better question would have been; “Should we make the baby jesus cry?”

                    • Descendant Of Sssmith

                      Pascal’s bookie …
                      14 March 2013 at 7:07 pm
                      better question would have been; “Should we make the baby jesus cry?”

                      Says so much in so few words. lol

                    • Herodotus

                      That reason was never given by sue Bradford for the change in law. Also as this post is regarding democracy, I never once heard national or labour during the election make any comment that both parties were to vote alone party lines. This was to be a conscience vote. As no undertaking was given how then does the process that occurred be viewed to be democracy in action?and Helen Clark never in the interveining period give reason as to why the whips were called in, key did give a flimsy reason as that national was supporting Chester burrows ammendments.
                      So as these parties never gave an indication that the vote was to follow party lines how was that democracy in action ?

                    • Descendant Of Sssmith

                      Conscience votes are part of democracy.

                      Democracy is not about majority rule it’s about electing representatives who will represent all the people.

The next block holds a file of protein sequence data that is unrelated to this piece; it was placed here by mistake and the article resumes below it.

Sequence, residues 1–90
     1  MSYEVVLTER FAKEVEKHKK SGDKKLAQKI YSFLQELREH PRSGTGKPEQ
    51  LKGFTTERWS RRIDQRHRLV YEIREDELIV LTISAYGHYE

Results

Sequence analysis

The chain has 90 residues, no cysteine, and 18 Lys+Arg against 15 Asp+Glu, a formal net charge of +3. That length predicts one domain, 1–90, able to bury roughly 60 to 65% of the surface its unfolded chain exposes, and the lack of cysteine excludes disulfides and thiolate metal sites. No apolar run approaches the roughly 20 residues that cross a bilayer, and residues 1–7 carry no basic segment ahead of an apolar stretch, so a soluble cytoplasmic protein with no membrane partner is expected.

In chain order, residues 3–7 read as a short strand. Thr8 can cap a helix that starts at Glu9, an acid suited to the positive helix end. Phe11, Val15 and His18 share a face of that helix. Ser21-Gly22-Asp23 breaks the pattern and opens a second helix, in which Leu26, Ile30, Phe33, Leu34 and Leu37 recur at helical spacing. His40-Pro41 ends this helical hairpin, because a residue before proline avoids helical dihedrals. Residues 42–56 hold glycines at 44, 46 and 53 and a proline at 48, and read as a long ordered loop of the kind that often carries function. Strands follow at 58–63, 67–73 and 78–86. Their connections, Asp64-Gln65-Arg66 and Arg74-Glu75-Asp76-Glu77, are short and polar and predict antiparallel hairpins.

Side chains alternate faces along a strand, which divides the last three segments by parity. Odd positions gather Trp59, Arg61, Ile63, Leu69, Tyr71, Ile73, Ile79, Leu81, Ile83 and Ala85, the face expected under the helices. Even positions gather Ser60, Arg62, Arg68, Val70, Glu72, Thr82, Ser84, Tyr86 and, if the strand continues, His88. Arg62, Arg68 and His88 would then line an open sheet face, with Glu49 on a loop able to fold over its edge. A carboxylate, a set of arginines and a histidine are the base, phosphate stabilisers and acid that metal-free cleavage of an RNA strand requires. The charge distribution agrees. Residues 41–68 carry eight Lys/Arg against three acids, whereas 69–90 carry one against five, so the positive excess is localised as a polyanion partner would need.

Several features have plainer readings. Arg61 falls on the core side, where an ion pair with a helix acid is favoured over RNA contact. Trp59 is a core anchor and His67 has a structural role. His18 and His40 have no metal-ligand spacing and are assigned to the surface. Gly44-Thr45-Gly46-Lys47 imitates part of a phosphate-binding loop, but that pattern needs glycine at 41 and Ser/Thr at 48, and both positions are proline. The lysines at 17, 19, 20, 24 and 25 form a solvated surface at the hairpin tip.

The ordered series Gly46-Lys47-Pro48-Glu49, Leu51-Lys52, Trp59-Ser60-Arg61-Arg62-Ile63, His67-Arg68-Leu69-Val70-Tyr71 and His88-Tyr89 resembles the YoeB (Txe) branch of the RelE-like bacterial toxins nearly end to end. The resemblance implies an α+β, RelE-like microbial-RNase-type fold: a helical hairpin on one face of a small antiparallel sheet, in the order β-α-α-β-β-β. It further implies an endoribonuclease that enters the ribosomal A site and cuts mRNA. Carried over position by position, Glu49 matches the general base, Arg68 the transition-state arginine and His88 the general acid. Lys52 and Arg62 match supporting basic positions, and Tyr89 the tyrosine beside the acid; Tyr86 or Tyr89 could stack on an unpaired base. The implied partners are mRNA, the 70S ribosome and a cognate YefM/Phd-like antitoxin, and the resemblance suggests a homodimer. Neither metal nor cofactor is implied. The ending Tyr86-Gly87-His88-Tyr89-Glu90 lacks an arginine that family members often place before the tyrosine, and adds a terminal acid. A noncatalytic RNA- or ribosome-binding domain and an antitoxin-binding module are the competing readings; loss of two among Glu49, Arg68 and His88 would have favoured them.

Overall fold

All the people includes minorities and people who didn’t vote for you.

                      Parliament passes laws not the government. Government can only introduce laws to parliament.

                      There is a separation of power. There are procedures and processes such as select committee hearings and public submissions and research teams and more than one reading of legislation and debate to ensure that the government of the day does not have too much power.

                      That’s partly why also Key’s mandate line is so much crap.

                      The executive has no legal power to do anything or pass any laws.

                      That’s why theirignoring of normal processes, the ignoring of submissions at select committee, their taking of power away from other democratic institutions and taking it for themselves, the use of urgency for non urgent legislation to stifle opposition and the public, the increasing subjugation of parliament to public officials and politicians via ministerial direction and vesting excessive authority in public servants at both government and council level should be concerning.

                      And I don’t support Labour use urgency stupidly at the end of their last 9 years either.

              • QoT

                Three words which are forever branded on my brain: electric. jug. cord.

    • Murray Olsen 14.2

      Even before the law change, it was illegal to shoot kids at island holiday camps. Your nostalgia is affecting your memory. Put those guns away, please.

      • tracey 14.2.1

        but it wasn’t illegal to hit them with a metal pipe if you genuinely believed it was reasonable discipline.

    • xtasy 14.3

      thor42 – you have a point to argue there, but what got me angry re that referendum was the way the questions were asked. Few really properly understood it, and the “anti smacking legislation” as it was called, was never intended to “criminalise” parents.

      It was also not true that just any smacking was going to be prohibited.